In a motion he wrote and filed himself, he said, “The commonwealth’s case against defendant has been greatly exaggerated.”

There is no physical evidence tying him to Jackson’s murder, but the commonwealth hopes to use Kelly’s own words to convict him.

In a conversation surreptitiously recorded in 2010 by another inmate, Rico English, at the Green River Correctional Complex, Kelly described in graphic terms how he ended Jackson’s life.

“First shot hit him in the chest,” Kelly told English, who was wearing a body wire. “I dropped that mother——. Pop, pop pop. … I put 36 slugs in that n—–‘s face and stood on his head. The whole head collapsed.”

“The only way my name got involved,” Kelly added, “is that … I did it bare face.”

“Dion gave me $5,000” to kill Jackson, Kelly is heard saying on the recording made for the U.S. Secret Service and Louisville Metro Police.

Prosecutors in court papers indicate they will build their case with as many as 73 recordings made in various jails and prisons they say reveal his “consciousness of guilt” for the crime.

The commonwealth also has said it has as many as 20 “cooperators,” including witnesses such as Parker, the ex-crew member, who told investigators Kelly casually claimed Jackson’s murder, saying “Yeah, got his ass.”

The prosecutors’ star witness may be Francois Cunningham, an admitted killer placed in the federal witness protection program after he agreed to testify.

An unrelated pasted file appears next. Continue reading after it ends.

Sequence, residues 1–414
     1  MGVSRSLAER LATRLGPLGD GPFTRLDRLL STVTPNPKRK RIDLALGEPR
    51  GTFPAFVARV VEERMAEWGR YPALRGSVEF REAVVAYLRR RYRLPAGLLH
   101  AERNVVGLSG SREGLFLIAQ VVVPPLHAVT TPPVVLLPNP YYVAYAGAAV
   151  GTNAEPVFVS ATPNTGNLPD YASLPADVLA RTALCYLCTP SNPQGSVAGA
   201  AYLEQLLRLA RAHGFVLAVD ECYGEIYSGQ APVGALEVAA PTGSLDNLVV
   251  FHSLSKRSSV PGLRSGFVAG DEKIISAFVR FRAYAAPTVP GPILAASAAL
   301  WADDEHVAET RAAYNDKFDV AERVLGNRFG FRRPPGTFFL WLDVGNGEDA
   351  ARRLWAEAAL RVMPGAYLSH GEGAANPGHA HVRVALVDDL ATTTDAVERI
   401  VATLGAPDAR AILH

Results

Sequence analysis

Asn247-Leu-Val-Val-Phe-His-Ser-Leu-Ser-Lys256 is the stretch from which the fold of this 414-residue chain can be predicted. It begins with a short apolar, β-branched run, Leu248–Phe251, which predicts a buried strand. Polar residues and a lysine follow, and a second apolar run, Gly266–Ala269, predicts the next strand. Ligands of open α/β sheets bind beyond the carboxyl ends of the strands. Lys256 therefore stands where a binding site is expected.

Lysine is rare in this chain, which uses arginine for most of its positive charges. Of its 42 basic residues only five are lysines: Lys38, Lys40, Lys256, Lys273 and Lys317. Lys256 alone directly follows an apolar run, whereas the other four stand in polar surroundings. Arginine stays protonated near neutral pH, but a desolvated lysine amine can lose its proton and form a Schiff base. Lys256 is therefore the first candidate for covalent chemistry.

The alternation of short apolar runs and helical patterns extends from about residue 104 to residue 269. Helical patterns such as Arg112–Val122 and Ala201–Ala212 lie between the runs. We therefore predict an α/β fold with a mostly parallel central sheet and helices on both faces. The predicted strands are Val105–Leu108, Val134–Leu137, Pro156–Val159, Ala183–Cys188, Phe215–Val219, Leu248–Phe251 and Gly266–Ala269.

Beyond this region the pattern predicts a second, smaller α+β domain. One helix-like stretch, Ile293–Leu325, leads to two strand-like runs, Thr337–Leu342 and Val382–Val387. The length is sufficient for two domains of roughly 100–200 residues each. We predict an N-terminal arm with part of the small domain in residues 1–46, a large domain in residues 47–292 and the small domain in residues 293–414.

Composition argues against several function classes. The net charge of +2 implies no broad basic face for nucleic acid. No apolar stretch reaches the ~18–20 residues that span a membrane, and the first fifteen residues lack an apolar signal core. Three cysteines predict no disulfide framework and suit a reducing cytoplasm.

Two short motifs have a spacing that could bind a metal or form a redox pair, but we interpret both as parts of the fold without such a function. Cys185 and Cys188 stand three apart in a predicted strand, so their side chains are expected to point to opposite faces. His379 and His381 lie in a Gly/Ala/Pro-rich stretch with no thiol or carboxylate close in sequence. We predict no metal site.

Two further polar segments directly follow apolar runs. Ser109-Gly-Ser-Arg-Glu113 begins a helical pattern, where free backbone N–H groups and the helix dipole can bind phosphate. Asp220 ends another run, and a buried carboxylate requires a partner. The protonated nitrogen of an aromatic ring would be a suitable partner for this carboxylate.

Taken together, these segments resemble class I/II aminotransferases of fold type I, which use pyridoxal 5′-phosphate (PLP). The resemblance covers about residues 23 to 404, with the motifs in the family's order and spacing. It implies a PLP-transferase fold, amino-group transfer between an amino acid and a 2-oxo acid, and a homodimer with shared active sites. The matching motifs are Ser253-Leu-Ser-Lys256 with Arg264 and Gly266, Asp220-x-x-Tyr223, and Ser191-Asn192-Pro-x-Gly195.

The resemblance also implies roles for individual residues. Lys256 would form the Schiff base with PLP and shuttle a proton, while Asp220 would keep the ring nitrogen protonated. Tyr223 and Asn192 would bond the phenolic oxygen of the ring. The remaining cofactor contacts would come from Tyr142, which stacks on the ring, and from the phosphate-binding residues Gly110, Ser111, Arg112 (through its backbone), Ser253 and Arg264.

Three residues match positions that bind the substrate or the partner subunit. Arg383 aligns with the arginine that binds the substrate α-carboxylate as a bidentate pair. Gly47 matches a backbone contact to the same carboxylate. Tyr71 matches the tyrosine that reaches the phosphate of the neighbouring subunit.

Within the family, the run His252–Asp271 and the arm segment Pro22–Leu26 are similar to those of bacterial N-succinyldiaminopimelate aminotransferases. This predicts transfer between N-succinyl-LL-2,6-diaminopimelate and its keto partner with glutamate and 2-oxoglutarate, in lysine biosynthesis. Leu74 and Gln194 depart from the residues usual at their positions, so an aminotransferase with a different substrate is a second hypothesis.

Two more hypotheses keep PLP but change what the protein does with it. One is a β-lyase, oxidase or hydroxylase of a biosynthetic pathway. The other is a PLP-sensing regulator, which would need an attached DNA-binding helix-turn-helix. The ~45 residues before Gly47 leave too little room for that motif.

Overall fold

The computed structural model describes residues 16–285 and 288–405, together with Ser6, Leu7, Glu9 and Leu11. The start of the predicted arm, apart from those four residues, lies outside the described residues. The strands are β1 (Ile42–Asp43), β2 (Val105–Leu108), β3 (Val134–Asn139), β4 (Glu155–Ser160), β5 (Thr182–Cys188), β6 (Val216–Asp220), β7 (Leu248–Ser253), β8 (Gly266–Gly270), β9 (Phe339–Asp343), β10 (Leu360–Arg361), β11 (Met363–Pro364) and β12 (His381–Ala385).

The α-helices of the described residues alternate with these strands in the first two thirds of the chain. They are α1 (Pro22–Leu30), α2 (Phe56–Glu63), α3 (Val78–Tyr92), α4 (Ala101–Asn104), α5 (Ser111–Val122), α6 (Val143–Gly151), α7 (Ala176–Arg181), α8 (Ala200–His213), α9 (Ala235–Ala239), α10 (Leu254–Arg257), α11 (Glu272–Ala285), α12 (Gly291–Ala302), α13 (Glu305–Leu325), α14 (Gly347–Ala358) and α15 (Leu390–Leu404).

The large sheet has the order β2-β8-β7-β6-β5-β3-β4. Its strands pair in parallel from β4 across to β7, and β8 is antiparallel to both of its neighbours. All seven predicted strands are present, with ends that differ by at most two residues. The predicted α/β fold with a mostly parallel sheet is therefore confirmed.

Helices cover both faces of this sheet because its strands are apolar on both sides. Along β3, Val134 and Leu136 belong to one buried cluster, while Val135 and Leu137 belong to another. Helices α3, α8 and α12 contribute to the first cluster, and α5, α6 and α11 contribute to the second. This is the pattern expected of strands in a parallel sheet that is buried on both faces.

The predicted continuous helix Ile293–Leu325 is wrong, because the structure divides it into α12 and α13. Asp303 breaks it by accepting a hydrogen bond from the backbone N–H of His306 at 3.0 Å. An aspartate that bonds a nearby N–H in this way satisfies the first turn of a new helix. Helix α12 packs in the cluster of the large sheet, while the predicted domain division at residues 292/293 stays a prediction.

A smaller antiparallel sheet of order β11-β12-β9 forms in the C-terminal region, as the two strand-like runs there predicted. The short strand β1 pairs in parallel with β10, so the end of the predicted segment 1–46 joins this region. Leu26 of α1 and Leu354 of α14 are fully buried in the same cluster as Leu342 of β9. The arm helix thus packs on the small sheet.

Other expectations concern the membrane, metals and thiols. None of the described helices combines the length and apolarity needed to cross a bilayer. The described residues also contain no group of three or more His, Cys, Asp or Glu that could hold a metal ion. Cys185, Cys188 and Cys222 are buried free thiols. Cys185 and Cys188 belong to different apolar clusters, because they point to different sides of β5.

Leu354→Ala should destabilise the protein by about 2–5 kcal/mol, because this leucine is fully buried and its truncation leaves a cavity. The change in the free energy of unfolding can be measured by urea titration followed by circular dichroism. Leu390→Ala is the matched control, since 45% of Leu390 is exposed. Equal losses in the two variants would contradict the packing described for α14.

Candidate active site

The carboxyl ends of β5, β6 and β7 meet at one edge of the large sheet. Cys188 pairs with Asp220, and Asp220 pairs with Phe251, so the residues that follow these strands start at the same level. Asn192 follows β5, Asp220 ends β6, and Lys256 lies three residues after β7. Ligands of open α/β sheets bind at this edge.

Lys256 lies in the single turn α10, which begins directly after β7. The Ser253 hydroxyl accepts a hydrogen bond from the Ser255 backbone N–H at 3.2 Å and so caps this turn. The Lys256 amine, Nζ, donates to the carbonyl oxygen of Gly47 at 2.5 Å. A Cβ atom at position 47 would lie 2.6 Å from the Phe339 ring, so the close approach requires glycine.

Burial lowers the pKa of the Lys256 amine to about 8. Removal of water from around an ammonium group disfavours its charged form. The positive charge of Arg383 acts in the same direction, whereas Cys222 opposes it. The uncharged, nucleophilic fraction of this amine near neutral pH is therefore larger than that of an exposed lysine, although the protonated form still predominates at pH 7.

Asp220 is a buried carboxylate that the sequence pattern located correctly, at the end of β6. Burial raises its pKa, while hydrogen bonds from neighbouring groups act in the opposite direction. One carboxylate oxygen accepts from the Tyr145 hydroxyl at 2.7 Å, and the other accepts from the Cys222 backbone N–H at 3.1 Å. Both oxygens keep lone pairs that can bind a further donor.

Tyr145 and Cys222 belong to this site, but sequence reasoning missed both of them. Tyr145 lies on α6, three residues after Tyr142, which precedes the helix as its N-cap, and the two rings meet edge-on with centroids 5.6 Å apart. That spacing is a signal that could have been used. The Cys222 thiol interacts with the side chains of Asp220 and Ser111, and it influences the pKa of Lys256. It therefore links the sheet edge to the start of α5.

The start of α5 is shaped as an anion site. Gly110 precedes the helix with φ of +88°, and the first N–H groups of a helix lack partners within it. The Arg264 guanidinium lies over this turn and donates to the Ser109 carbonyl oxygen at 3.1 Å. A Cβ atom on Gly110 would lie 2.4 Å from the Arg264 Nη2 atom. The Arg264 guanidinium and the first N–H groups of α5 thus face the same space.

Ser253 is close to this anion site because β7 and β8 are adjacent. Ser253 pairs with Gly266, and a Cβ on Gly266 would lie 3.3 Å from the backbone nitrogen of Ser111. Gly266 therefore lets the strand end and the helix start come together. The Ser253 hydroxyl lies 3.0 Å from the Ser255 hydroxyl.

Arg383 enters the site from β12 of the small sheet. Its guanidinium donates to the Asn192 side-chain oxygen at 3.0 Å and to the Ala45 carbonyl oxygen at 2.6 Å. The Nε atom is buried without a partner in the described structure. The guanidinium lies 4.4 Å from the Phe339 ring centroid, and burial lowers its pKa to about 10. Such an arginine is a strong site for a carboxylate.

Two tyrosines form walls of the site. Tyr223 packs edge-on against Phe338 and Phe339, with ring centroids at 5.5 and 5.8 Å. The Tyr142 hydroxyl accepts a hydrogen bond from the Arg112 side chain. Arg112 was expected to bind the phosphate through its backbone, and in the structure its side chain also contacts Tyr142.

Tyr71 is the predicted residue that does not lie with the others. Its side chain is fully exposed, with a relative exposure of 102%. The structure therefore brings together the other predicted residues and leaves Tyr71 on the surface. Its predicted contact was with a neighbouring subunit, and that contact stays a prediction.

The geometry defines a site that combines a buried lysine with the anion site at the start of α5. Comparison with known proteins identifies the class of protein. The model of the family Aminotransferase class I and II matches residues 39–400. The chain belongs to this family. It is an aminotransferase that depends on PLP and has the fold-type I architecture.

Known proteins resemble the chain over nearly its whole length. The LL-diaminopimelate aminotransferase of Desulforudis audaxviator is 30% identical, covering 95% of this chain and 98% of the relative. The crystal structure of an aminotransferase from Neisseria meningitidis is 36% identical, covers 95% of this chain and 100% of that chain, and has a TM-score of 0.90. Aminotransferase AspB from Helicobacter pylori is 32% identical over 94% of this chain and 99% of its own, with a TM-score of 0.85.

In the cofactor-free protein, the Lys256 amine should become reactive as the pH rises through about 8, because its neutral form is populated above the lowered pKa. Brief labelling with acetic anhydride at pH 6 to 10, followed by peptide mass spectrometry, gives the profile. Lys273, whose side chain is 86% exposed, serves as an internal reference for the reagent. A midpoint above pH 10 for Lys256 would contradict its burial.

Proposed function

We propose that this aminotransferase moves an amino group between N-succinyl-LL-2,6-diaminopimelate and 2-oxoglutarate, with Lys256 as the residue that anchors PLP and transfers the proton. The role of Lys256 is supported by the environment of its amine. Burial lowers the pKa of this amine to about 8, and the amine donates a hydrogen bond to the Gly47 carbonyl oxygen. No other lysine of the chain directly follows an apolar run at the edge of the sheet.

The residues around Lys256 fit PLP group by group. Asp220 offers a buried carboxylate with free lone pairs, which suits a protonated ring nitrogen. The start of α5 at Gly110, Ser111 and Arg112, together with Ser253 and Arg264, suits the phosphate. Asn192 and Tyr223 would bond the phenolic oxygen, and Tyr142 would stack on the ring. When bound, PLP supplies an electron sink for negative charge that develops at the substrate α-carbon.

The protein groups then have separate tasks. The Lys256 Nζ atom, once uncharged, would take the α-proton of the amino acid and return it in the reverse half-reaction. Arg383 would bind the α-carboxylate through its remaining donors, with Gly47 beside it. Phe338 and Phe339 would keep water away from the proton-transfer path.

Cunningham faced capital murder charges himself but in exchange for a lesser sentence pleaded guilty to killing a couple in Fern Creek Park and burning their bodies. He told Louisville Metro Detective Denny Butler in 2011 that Kelly was a hit man who provided “muscle” for legendary drug dealer Reggie Rice, who died in 2014, and that Duncan and another government witness were among Kelly’s victims.

“He’d rather kill you than waste his time out there selling drugs,” said Cunningham, who also pleaded guilty in another killing in which the victim’s body was dumped in the Outer Loop Landfill.

But Cunningham provided no information about Jackson’s death, and Adams said the defense will try to block evidence about any of the seven other murders, to which Kelly pleaded not guilty and with which he is no longer charged.

Adams said the defense also will try to exclude any mention of the murder of Sawyers, who had told investigators he saw Kelly shoot Jackson and saw Neal pay for the hit. Sawyers was shot dead on East Broadway after surviving two previous attempts on his life.

Former prosecutors who aren’t involved in the case say evidence about the other killings would be admissible only to show motive or a “common scheme or plan” with Jackson’s murder.

Brian Butler and Kent Wicker, ex-prosecutors who are now criminal defense lawyers, also predict evidence about Sawyers’ death will be inadmissible unless the commonwealth presents substantial evidence tying Kelly to the crime. Another man was acquitted of Sawyers’ murder.

Adams and Alvarez in court papers dismiss the prison recordings as merely “jailhouse braggadocio.”